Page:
Whenever financial needs are brought up in Christian circles there is statistical certainty that someone will also quote Psalm 50:10, “For every beast of the forest is mine, the cattle on a thousand hills.” When I hear that verse quoted, somewhere from the deep recesses of my mind comes the voice of Mandy Pitinkin (Inigo Montoya in The Princess Bride) saying, “I do not think that verse means what you think it means.” In Psalm 50, God is not extolling his abundant provision for his people. He does do that elsewhere (Matt. 6:25-34). Instead, in Psalm 50, the Lord is talking about cattle as potential sacrifices. He is rebuking his people for thinking that the empty religious ritual performance was the appropriate response to God’s grace. If it’s just about bulls, God already has enough. A verse quoted about provision is actually a searing admonition for ungodly worship.
In Psalm 50 God is disciplining his people, a “don’t do this” followed by a “do this instead.” It is a gracious discipline, offering to his people a better way to walk with God in holiness than just going through the spiritual motions. God does commend a sacrifice—the sacrifice of thanksgiving (v. 14). God has now moved from the range of literal to spiritual, but no less practical. You can’t haul an object called thanksgiving onto an alter and sacrifice it there but there is such thing as tangible, heart-felt thanksgiving to God for all he has done. It is this that God wants from his people.
This is the kind of bar-raising we see Jesus do in his sermon on the mount. Jesus walks his way through the law with his serial, “you have heard it said…,” each time showing that shallow, external obedience is not true godliness. Anyone can bring a bull to the temple but to be thankful to God, truly thankful, for salvation and all the benefits that come along with it, that is something that only God’s people can do through the prompting and enabling of the Holy Spirit. Christian thanksgiving is a God-prompted, God-powered work, categorically different than the external motions of public worship.
When God asks his people to be thankful he is asking them to do practical theology. “Tell me how good you’ve found me to be. Tell me about all the ways I’ve walked with you through trials. Tell me what you think about my Son, your Savior, Jesus. Tell me what my Spirit is up to in you, sanctifying you.” These are God’s overtures of thanksgiving. Only a converted, God-loving person can offer this kind of worship to God. Because only a Christian discovers God to be the author of every good gift.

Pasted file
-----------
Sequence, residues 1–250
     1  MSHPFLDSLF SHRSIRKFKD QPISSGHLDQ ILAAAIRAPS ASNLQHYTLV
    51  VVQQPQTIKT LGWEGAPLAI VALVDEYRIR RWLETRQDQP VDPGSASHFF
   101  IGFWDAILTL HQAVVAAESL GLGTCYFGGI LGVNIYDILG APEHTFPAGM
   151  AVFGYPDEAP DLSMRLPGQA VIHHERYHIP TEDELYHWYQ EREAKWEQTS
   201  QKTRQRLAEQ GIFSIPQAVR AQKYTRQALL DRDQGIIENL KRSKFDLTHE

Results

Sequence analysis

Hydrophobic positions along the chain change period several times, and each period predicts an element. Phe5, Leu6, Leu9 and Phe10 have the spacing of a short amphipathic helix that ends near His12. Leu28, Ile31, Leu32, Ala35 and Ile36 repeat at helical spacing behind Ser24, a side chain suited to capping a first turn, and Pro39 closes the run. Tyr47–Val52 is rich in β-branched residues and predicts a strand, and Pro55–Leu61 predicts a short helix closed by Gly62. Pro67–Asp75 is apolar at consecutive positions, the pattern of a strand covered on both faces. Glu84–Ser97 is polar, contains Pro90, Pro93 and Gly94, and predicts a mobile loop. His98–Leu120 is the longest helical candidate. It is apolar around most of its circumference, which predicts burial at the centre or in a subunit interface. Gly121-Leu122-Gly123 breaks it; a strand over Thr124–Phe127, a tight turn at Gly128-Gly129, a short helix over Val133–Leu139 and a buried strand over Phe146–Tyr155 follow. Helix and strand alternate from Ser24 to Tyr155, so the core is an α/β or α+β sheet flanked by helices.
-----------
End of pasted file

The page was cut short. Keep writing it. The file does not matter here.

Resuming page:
But don’t breeze past the fact that God calls thanksgiving a sacrifice. Like all sacrifices it will cost you something and it will cost someone their life. In order for you to be truly thankful to God Jesus had to die. The renovating work begun in you, Christian, the atonement needed to justify you, these reasons for eternal thanksgiving to God, they all came at price. God gave his Son because he loved the world, and specifically, because he loved you. The sacrifice of thanksgiving was first offered at the cross.
But the sacrifice of thanksgiving will also cost you something. It will cost you your pride. You cannot simultaneously boast in yourself and your God. To be thankful to God is to recognize him as the fountain of all goodness for you. You didn’t craft your prosperity with your own hands. Thanksgiving can only be offered to God from a place of humility. Thanksgiving will also cost you your time. God does not just ask for a heart posture of thankfulness. He wants thanksgiving, robust and audible. He wants his people to take the time to articulate in worship, prayer, and before the watching world that they are thankful to their God, the only true God. Thanksgiving, like all sacrifices, is incredibly costly.
So as we move into a week focused on thanksgiving, will you be going about the motions or stopping to give thanks to God from a heart changed by the gospel of God? What habits of thanksgiving are you building in your life and family? Where does thanksgiving need to cost you something? And remember that God isn’t looking for slavish conformity to the concept of thankfulness. He is a God of all grace. He is the God of the cross and the empty tomb. He is amazing. He commands thanksgiving because he commands joy from his people. Hear that, our God commands joy. He won’t stop until we find our ultimate happiness in his maximum glory.
- Christmas Worship - We will worship on Christmas morning at our usual time. Don’t miss this time with your faith family.
- Orange Community Group - Interested in our new community group starting up in Orange? Why not attend our informational lunch on December 4, after the service. Click here to RSVP.
- Advent is Here - Advent starts this Sunday. This year we’ll be working our way through the messages of the angels scattered throughout the Christmas narrative asking ourselves the question, “What does God think about Christmas?” Invite your friends.